I rarely splurge on books anymore. It’s probably something I don’t spend enough on. When I heard that Darryl Strawberry was coming out with his version of a tell all book, I knew I had to get it and that it would be an easy page turner for me no matter what it had in it. Afterall, I owe a lot to Darryl for me falling in love with the sport as an 8 year old kid. He was my first favorite player. I’d spend the night at any home with cable if the Mets or Dodgers were playing just to see him hit. I’d comb box scores every morning looking for ‘Strawberry’ and I’d cut out the good ones and pin them to a bulletin board in my room next to the magazine I had with the Straw on the cover.
Straw: Finding My Way is not just a book about baseball. It’s a book about life with some baseball included. I’d encourage anyone who has ever struggled with any degree of addiction in their life to read this book. No one was a bigger addict then Strawberry himself, and he admits that a lot in the book. This is not a book that will only be interesting to baseball fans, but should also be interesting to people from all walks of life because of this very reason.
When I read through the book, I kept thinking about what someone had once said about the late country singer Johnny Cash. Strawberry, like cash is not a bad man who struggled to be good. He is a good man who has struggled to face many of life’s challenges.
Strawberry chronicles a life that had him growing up in South Central Los Angeles, in the one of the stucco homes with a little back and front yard. Strawberry gives a lot of mention to the absence of his father in his life being the cause of not only his own but his brother’s problems as well.
Strawberry was a member of possibly the greatest varsity high school baseball team of all time, the late 70’s Crenshaw Cougars. Strawberry tells the story of him going from a cocky and brash high school player to the #1 pick in the draft, expected to save the New York Mets franchise almost single-handed. From there Strawberry was thrown into a life of hard partying and fast women as a young man, a kid basically. Strawberry was introduced to this lifestyle by the ‘wild hairs’ (as he referred to them) that he called teammates. The Mets were unlike any team that is in the game today. Times were different then. Cigar and Cigarette smoking was common for every player in the dugouts, clubhouse, team bus, and even airline flights. Life was a constant routine of going to the ballpark by day and tearing up the town’s clubs and bars by night.
The book is written in very simple tense. Strawberry will never be mistaken for Shakespeare and he a lot of times writes as if he were sitting next to you with a beer in hand telling you a story. One thing I found to be a disappointment was that the 1986 World Series was summed up by Strawberry in basically a paragraph. He did not go into detail about the battles and the whole legendary 1986 season and team is basically talked about in less then a chapter of this book. I suppose it is good in some ways as if you’ve read The Bad Guys Won by Jeff Pearlman (my favorite book of all-time) a lot of things seem to overlap and you can tell Strawberry has read that book and taken some very things that Pearlman has said and made them his own anecdote.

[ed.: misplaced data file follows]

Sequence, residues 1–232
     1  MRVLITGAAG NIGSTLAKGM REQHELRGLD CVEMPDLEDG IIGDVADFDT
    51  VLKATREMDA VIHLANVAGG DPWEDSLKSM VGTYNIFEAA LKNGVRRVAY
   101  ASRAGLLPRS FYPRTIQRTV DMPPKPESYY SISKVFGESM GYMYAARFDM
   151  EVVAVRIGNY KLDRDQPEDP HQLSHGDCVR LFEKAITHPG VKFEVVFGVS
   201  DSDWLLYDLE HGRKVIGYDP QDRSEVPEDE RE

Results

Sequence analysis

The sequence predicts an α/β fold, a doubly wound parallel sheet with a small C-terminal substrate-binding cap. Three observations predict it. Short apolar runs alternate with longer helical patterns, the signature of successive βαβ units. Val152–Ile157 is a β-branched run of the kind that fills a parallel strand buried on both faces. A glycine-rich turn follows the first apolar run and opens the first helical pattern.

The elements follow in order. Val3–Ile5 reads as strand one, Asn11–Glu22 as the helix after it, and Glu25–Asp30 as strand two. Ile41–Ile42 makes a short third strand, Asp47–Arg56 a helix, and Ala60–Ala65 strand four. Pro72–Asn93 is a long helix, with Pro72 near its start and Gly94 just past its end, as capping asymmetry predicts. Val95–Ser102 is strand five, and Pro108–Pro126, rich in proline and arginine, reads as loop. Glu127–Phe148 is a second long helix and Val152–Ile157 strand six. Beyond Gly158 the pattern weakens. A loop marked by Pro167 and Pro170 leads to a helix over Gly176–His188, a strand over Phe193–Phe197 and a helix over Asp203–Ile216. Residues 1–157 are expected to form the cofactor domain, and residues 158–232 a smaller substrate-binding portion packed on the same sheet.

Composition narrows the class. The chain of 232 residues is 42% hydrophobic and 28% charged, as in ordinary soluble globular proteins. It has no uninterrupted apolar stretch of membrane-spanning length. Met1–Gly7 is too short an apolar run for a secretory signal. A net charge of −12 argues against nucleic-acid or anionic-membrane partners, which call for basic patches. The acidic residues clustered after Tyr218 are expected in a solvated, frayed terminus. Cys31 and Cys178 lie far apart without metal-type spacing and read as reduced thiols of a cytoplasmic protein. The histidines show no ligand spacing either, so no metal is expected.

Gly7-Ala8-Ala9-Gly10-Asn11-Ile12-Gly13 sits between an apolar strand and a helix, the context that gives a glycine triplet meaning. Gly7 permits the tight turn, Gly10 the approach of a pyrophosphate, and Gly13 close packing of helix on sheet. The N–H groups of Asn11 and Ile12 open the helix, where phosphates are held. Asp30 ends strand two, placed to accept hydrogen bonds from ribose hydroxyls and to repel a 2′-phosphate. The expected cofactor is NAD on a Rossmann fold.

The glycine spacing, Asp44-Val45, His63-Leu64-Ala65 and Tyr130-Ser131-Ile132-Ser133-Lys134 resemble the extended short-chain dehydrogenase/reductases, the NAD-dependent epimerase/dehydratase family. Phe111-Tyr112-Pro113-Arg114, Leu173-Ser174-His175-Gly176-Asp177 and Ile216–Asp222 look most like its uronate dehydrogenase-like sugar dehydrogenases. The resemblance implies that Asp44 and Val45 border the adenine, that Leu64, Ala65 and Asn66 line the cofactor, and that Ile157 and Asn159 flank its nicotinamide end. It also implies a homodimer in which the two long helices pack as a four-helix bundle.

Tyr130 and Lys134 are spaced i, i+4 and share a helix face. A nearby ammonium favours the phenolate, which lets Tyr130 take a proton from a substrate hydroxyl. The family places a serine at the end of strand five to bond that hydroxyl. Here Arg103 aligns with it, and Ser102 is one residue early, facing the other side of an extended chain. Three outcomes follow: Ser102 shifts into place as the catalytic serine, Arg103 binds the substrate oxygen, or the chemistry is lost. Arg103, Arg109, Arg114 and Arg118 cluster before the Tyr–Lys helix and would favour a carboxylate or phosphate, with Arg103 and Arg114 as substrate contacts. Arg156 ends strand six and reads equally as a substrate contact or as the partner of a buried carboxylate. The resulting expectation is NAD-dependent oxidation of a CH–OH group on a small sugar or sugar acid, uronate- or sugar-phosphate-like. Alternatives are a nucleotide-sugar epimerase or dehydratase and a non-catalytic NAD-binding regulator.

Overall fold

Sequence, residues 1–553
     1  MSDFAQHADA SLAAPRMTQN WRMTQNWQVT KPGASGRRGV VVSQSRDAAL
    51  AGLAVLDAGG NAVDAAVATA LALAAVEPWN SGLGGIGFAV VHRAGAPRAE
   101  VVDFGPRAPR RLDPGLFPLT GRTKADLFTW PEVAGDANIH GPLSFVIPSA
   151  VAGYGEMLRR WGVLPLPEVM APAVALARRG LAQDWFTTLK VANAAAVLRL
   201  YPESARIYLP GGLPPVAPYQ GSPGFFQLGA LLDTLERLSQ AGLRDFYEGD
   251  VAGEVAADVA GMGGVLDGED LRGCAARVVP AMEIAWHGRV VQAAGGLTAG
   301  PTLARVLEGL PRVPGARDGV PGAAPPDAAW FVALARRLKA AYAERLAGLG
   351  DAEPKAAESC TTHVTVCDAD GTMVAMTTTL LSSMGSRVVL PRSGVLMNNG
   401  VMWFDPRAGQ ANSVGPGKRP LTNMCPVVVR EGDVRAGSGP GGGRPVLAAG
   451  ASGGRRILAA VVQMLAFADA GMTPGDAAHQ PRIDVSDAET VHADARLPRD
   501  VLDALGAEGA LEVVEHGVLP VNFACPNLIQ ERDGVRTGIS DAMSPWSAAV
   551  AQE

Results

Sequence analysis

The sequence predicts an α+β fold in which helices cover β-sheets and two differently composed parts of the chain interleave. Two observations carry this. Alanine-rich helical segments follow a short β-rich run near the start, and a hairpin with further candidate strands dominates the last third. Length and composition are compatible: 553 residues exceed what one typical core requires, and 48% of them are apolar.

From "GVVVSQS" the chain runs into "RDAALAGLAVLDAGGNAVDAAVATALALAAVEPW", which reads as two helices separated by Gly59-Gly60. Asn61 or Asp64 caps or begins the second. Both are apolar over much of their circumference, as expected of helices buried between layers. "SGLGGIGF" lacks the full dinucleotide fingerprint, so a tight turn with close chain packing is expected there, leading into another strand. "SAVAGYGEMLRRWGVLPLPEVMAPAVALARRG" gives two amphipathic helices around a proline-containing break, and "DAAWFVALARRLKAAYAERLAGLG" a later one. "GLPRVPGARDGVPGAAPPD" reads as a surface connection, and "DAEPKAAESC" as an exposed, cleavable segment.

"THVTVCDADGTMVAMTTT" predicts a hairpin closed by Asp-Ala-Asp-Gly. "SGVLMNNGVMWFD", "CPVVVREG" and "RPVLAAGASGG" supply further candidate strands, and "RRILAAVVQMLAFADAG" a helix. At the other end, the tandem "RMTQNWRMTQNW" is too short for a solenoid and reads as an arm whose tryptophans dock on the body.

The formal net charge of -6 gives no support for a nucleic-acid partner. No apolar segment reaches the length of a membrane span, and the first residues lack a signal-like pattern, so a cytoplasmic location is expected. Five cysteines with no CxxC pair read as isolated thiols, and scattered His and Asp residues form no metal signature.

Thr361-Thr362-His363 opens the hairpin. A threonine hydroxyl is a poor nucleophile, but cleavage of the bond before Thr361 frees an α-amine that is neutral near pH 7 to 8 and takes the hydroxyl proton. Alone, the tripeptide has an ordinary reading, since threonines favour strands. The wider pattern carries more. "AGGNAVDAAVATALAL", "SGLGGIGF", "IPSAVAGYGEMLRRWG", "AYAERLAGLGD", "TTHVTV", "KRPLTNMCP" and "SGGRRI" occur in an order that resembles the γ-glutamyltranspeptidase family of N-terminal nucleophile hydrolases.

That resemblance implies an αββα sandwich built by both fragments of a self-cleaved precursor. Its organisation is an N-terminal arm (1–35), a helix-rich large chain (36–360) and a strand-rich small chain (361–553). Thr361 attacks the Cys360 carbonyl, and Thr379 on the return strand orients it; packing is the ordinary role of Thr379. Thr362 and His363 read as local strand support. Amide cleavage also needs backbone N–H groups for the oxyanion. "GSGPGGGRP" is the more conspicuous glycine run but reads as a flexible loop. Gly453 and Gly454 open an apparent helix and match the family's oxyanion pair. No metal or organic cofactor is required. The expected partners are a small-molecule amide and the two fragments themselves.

For all the chapters in this book that are really interesting; it is the final three chapters that are the most important. Strawberry sends a message that is priceless if you can harness it. Strawberry is an amazing human being. He is amazing because of his imperfections. In a movie or story it is the hero or character you know that has a tragic downfall coming that you end up loving and pulling for the most. It is amazing because in his story, Strawberry seemingly fails again, and again, and again, and even more. When you think he’s finally turned the corner, you read that he slipped again back into his demons and addictions. While being a specimen of superstar caliber, he is a man who is not immune to the temptations that we regular people face every day of our lives. And that’s what makes you relate to ‘Straw’.
Strawberry gets sick. He gets high. He goes to bed with women at his treatment facilities. He doesn’t pay his bills. He is a cornicopia of all things humanly imperfect. And it is amazing to have read his story and know that he has truly come full circle within the years I have been on this earth. I have seen it happen now. I remember as a kid and then as an adolescent and even as a young man shaking my head every time I heard that Darryl Strawberry had slipped again. He was my first favorite player. My initial connection to the sport I loved. In my head, I would always hope that he’d ended up alright but I didn’t see it happening. In the end, Strawberry has pulled through.
All in the same, he admits that he doesn’t know if tomorrow will be a day of clean living.
You’re not living in yesterday or tomorrow. Today is all you’ve got, and how you live today is all that matters.
That is the quote that stuck with me through this inspiring story. Strawberry reminds us that the Devil is very real; and that he is around every corner. He’s not just preying on us when we are at our weakest, but that he is coming at us often when we’re at our strongest.
I may have read this story because I loved baseball, but this is a story that could change the way someone lives their life. There are a lot of lessons to be learned if you take Strawberry’s words to heart. He is a man who has walked on both sides of this life, not ignoring either extreme. As I read on towards the end of the book, I became increasingly amazed that this man is alive to tell his story. I have to figure the only reason is because of God, and because Darryl’s number wasn’t called for a reason yet.
Strawberry’s purpose on earth wasn’t to hit all those home runs at Shea Stadium or to be at Yankees Old Timers days. It was to tell his story and inspire lives young and old. He’s done it.